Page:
At least one in 10 adults uses fish oil as a dietary supplement, but there’s a chance they aren’t getting what they are paying for, according to the documentary “Supplements and Safety,” which aired Jan. 19 on PBS’ Frontline series.
In a blog posted Jan. 19 on the New York Times website, Anahad O’Connor reported that Americans spend an estimated $1.3 billion on fish oil products every year. They are spurred by reports that omega-3 fatty acids are essential for heart function and promote overall health.
However, the Frontline documentary pointed to a study published in JAMA Internal Medicine in 2014, which reported a majority of clinical trials found no evidence fish oil supplements protect against heart disease. “I think for cardiovascular disease, one has to say that there is no compelling evidence that taking fish oils protects against a first heart attack or a second heart attack,” Andrew Grey, MBChB, FRACP, the author of the JAMA study and an associate professor of medicine at the University of Auckland in New Zealand, said in the documentary. “So people who are advised to do that or are doing it are wasting their time and their money.”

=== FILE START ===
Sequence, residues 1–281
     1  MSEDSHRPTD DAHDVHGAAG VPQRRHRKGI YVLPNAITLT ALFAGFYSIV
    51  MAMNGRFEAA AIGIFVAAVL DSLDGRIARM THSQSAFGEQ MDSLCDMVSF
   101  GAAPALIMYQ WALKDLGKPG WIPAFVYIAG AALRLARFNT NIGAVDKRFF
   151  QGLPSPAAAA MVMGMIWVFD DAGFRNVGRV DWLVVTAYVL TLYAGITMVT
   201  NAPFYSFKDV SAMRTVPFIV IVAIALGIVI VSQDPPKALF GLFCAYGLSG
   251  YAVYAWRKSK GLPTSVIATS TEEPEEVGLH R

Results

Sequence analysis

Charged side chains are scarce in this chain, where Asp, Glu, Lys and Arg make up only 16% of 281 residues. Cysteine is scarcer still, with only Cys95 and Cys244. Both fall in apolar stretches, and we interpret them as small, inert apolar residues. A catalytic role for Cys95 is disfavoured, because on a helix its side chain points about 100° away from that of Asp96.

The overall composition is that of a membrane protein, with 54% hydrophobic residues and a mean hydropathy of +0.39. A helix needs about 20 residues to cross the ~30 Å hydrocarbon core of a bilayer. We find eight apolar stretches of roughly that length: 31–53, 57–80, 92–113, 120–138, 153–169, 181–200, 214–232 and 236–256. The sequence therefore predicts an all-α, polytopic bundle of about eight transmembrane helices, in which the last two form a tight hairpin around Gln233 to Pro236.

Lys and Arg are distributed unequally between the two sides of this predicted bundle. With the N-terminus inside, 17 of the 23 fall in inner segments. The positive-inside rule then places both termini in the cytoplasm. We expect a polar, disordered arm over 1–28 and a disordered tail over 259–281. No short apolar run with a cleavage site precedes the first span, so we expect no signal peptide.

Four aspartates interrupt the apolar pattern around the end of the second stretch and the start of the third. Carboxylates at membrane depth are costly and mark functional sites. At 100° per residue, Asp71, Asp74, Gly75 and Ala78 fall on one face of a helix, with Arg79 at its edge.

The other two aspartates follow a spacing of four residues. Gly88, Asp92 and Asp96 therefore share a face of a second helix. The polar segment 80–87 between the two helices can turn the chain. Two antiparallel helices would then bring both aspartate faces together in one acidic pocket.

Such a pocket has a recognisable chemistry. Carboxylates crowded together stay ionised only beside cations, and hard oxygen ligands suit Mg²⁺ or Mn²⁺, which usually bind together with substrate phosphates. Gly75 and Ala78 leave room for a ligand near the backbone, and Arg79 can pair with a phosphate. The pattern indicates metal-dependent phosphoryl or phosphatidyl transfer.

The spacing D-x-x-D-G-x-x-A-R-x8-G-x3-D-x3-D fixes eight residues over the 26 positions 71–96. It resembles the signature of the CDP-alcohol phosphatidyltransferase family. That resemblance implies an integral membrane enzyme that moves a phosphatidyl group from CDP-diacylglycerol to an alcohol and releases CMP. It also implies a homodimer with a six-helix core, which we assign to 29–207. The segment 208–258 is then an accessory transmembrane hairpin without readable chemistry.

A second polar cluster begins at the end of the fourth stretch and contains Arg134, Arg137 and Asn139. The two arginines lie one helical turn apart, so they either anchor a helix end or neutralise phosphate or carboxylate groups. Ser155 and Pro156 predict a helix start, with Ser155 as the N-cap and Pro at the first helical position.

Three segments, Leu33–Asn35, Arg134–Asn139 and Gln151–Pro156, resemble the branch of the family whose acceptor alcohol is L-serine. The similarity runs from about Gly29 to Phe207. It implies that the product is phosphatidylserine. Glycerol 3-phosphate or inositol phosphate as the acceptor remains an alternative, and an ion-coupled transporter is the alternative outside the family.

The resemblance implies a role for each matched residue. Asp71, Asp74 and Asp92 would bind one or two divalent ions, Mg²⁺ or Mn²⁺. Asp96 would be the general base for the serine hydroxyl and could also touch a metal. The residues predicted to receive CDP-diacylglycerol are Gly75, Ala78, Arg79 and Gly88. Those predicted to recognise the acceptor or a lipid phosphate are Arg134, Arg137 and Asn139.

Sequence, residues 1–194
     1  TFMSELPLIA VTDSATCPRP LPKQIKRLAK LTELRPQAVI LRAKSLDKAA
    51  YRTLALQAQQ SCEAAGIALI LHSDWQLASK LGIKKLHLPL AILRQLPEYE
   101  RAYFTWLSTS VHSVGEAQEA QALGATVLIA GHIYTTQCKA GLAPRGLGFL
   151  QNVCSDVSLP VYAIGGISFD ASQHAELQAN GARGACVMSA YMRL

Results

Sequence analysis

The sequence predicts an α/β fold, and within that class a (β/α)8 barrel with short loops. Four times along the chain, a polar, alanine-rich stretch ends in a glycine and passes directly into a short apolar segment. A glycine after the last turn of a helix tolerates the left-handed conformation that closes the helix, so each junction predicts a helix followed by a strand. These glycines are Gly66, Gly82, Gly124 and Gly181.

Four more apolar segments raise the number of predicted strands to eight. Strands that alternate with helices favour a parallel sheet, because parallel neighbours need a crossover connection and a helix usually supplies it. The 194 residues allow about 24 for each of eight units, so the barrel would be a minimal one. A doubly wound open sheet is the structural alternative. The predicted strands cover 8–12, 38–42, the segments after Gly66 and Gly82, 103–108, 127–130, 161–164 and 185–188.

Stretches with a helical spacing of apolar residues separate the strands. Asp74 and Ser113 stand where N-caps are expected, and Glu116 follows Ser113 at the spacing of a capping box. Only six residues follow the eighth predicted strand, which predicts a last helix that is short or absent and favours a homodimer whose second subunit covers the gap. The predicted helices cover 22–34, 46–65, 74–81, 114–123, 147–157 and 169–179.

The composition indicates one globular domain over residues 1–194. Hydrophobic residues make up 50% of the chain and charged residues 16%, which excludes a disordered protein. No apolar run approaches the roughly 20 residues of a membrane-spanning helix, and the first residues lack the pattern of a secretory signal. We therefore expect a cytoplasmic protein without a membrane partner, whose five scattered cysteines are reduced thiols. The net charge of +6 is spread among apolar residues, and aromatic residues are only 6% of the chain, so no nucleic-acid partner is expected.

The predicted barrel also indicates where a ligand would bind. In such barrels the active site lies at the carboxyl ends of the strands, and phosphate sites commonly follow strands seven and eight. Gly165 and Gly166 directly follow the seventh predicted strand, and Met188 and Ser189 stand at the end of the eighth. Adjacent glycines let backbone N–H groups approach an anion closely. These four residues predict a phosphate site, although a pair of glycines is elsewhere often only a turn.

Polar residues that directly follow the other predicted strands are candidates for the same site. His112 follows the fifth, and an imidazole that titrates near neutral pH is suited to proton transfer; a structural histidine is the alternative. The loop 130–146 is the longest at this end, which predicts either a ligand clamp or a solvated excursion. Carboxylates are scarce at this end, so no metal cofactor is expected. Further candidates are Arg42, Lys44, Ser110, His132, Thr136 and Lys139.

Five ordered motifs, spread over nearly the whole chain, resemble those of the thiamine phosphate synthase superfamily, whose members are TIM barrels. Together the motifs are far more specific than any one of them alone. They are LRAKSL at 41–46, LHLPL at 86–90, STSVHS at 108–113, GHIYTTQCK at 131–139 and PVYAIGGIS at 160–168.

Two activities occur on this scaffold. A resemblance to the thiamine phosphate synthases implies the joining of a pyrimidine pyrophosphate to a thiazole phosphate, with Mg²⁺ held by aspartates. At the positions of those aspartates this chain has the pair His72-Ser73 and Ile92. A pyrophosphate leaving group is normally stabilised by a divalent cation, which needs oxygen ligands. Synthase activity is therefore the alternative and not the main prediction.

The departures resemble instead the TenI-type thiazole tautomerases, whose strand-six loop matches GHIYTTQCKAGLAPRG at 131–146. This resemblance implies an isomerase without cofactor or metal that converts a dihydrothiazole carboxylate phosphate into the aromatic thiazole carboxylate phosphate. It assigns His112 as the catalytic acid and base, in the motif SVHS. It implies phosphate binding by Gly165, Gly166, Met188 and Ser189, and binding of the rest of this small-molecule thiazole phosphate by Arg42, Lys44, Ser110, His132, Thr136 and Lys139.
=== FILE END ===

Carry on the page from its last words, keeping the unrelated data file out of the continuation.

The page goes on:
In the Times blog, O’Connor wrote some studies have found roughly three-quarters of fish oil supplements on the market do not contain the amount of omega-3 fatty acids advertised on their labels. Some also have found that fish oil supplements are prone to becoming rancid.
The Frontline documentary, which was a collaboration among Frontline, the New York Times and the Canadian Broadcasting Corporation, examined use of potent vitamins, herbs and fat-burning supplements as well as fish oil. O’Connor wrote researchers have found that in many cases they can cause unexpected side effects. Dietary supplements are largely unregulated by the federal government, and experts say adulteration and contamination are common, O’Connor wrote.
Among problems reported in the documentary are large outbreaks of disease tied to tainted vitamins and fat-burning supplements, including one case in which a workout supplement was linked to more than 70 cases of liver damage. The company whose products were at the center of that outbreak, USPlabs, is among 117 companies and individuals the Justice Department filed criminal and civil enforcement actions against last year, O’Connor wrote.
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